September 24th, 2018

Mayor Clugston should lead council to informed SCS outcome

By Letter to the Editor on September 10, 2018.

Medicine Hat’s city council is facing a delicate task choosing a location for the supervised consumption site and council members are most likely putting in extra hours as a result. It would be my guess more time is being spent fielding calls from the NIMBY (not in my back yard) slice of our community than is being spent collectively considering a location that works for the folks who will use it.

Toward the end of making an informed decision, I expected to see more than just one council member at the recent overdose awareness event at Riverside Veterans’ Memorial Park. If you wanted to hear from those we are trying to help, that would have been the place to be. There were powerful words spoken by people who suffer from addiction and the stigma that goes with it.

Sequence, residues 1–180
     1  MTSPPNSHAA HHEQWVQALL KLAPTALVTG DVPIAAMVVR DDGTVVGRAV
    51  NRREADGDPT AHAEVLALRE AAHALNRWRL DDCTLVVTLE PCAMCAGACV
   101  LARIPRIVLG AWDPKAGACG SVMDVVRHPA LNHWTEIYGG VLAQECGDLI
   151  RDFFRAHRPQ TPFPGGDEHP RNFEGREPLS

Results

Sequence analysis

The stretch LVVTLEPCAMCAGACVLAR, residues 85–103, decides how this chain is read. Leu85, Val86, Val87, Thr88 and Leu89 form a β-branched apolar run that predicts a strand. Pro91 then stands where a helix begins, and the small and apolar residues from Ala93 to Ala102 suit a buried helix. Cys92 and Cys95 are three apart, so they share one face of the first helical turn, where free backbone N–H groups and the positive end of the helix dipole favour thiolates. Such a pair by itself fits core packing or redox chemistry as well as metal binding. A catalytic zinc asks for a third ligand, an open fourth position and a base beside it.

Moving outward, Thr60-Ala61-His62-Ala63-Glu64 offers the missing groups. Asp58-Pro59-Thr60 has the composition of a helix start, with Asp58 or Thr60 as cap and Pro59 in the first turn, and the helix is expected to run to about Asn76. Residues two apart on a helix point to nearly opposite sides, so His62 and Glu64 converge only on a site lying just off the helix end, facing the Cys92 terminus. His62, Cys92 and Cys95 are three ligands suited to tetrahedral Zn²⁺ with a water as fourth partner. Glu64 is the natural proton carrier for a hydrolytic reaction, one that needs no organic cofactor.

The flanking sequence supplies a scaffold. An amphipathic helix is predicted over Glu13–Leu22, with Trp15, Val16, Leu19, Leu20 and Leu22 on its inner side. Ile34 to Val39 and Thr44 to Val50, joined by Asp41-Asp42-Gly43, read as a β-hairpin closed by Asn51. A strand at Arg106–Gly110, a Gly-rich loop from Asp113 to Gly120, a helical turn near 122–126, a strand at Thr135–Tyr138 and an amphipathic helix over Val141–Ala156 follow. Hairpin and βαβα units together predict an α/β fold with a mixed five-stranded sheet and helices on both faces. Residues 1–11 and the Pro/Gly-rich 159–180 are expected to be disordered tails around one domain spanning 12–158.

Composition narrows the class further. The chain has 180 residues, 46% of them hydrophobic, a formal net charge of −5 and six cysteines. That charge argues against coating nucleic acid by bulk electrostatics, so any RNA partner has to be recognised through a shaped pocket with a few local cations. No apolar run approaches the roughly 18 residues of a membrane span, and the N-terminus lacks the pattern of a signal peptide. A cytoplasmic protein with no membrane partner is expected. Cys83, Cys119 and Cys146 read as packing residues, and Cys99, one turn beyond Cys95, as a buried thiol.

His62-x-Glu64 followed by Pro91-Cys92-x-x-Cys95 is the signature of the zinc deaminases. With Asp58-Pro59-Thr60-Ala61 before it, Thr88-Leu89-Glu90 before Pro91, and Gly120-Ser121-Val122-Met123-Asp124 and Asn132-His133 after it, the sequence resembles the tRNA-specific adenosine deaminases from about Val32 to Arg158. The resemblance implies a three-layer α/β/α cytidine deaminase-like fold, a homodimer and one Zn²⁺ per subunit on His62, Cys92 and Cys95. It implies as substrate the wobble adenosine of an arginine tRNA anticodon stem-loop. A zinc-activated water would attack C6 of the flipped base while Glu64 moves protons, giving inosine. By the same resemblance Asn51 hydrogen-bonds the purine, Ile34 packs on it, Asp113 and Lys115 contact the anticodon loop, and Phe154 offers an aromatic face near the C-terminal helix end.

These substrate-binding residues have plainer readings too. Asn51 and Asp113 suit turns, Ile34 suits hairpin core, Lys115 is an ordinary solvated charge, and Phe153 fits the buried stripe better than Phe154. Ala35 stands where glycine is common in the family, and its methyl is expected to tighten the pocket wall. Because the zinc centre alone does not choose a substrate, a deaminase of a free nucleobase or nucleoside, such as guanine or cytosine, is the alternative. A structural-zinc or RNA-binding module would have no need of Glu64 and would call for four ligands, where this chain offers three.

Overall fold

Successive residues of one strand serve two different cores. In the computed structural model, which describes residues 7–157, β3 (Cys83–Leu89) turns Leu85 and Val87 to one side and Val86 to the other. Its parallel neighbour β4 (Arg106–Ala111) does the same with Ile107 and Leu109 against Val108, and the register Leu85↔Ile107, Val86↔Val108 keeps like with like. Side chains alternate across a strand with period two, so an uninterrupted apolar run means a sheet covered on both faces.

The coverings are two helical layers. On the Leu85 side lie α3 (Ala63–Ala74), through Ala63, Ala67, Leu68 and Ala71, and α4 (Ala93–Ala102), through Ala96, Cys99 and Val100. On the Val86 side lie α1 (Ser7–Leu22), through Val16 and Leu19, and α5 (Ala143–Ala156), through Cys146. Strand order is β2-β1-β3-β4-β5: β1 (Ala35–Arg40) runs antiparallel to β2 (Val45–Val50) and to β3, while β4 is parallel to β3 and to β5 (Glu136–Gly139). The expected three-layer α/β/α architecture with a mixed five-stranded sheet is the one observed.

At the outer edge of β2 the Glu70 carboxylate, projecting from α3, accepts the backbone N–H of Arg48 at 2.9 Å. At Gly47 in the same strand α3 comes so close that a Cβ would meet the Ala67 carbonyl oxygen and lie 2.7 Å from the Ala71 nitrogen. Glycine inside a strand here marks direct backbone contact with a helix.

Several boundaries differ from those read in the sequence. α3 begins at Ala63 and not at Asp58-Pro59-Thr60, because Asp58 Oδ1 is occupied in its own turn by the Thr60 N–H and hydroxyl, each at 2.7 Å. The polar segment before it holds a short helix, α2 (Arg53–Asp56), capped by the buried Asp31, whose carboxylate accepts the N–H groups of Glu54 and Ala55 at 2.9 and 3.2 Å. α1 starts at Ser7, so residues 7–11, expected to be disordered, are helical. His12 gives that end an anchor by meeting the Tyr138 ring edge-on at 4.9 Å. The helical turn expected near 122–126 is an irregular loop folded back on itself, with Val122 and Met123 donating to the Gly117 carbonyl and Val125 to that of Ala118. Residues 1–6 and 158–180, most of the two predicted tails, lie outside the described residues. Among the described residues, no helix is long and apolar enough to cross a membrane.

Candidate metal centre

The event, hosted by the Medicine Hat Drug Coalition, provided a cross-section of the community dedicated to helping the people who will use the safe consumption site. The only council member I noticed was Kris Samraj and the only other elected official was Medicine Hat MLA Bob Wanner, whose government has made this facility available to the city. A wasted opportunity. It was all there — right across the street from City Hall.

Becoming informed is critical to ending the stigma of addiction. Addiction is not going away. We can’t hide it and nor should we. The use of harm reduction strategies, including safe consumption sites, is proven to save lives and reduce health care costs.

Unfortunately, the political hot-potato of finding a location for the safe site seems to be a little too warm for council’s collective fingers. The NIMBY folks have really put city council in a spot. Remarks made by the mayor in the Medicine Hat News find him blaming other levels of government, our legal system and people with addictions for causing this local dilemma.

Hopefully Mayor Clugston, upon reflection, will seize this opportunity to provide a life-saving service to some of our community’s most vulnerable, and lead council to an informed and empathetic outcome.

It is important to keep in mind that nice people use opioids or suffer from other addictions Nobody chooses addiction, but it happens.

Bob Westgarth

Medicine Hat

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